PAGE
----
Tuesday, February 3, 2009

3 Good Things (terrier edition)

From the AKC

These are feisty, energetic dogs whose sizes range from fairly small, as in the Norfolk, Cairn or West Highland White Terrier, to the grand Airedale Terrier. Terriers typically have little tolerance for other animals, including other dogs. Their ancestors were bred to hunt and kill vermin. Many continue to project the attitude that they're always eager for a spirited argument. Most terriers have wiry coats that require special grooming known as stripping in order to maintain a characteristic appearance.
1. Border Terrier

Alert, active and agile, the Border Terrier is willing to squeeze through narrow holes and sprint across any terrain to capture his quarry: the fox. This persistence made him an excellent working terrier back in England, and allows him to succeed in Earthdog, Obedience and Agilty trials today.
I have one word for you here, too: Benji. I don’t care what the media says, the original Benji looks an awful lot like a purebred Border Terrier to me. I like this dog precisely because he does look like my all-time favorite kind of dog: a mutt (with a streak of terrier in him, of course).


2. Bull Terrier

Playful and clownish, the Bull Terrier is best described as a three year-old child in a dog suit. Given his muscular build, the Bull Terrier can appear unapproachable, but he is an exceedingly friendly dog, with a sweet and fun-loving disposition and popular in the obedience, agility and show rings.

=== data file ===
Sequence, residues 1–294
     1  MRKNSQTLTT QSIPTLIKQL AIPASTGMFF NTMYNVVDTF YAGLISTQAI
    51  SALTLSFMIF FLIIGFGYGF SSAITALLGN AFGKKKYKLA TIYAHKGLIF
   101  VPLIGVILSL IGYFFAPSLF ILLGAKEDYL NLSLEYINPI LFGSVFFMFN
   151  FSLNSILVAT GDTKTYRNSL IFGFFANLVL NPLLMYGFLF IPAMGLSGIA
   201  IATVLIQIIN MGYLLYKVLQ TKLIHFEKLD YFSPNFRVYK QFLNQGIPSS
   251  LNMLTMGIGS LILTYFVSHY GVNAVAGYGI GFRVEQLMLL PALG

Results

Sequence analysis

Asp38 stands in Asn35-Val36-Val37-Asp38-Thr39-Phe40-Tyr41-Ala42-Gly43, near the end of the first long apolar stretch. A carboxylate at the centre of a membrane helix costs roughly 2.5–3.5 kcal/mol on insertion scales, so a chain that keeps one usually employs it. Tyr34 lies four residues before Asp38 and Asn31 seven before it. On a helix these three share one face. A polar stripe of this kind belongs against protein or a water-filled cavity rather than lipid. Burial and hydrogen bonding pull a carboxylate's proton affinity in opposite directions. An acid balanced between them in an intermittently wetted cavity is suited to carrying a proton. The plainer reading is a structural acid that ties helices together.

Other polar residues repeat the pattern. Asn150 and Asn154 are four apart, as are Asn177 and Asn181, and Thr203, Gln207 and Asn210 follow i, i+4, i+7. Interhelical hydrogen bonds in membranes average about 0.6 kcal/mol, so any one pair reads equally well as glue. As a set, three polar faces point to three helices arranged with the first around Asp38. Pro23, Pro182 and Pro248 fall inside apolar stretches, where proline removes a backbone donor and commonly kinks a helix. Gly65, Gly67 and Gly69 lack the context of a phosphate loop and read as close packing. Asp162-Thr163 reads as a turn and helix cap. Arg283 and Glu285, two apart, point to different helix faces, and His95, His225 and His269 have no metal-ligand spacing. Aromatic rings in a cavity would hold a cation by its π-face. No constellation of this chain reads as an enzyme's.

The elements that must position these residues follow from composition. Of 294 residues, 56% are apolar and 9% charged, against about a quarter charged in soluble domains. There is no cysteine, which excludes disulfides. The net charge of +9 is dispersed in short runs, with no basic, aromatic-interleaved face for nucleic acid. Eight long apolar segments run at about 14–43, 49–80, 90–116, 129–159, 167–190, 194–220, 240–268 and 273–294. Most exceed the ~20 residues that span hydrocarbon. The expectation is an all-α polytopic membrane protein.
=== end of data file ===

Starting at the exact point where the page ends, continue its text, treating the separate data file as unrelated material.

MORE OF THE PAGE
Bull Terriers do not bark unless there is a good reason. When a Bull Terrier is barking, pay attention.

Since I was a child, I have called this dog “pig dog” because the one we knew was quite a bit more rotund and I definitely stayed away from it. They look like they could kill you with their massive heads and necks. That all changed two years ago when I first saw Rufus at Westminster. Immediately, I fell in love with this perfect looking specimen of a dog, and called it!


3. Bedlington Terrier

The origin of the breed remains a mystery, although as far back as 1820, it is known that a Joseph Ainsley of Bedlington acquired a bitch, Coates Phoebe*, who was bred in 1825 to produce the first Bedlington Terrier. About this time, a colony of nailers in Bedlington took to the breed and became known for their plucky terriers. Their dogs were famous for their abilities in drawing badgers and ratting, despite their smaller size than most of the dogs of the day.
I bet Mary had a couple of these! It’s just the clip that gives this plucky little dog its lamb-like appearance. I suppose the gamboling doesn’t hurt the image either.

*This is not to be confused with Phoebe Cates who once lisped “Which one of you bitches is my mother?” in that famous made-for-TV moment in Lace.


Next Up: The Sporting Group.
Why Dog Week?


Stephen Bourque said...

I just don't understand your attraction to the bull terrier. Its head is just weird looking!

Lynne said...

You're just jealous because your pick didn't win.

Dalmation - hah!

Stephen Bourque said...

If I'm not mistaken, I did pick the winner one year!

Lynne said...

Again, hah!

I laugh at your silly American obsession with the beagle (reads better with bad French accent).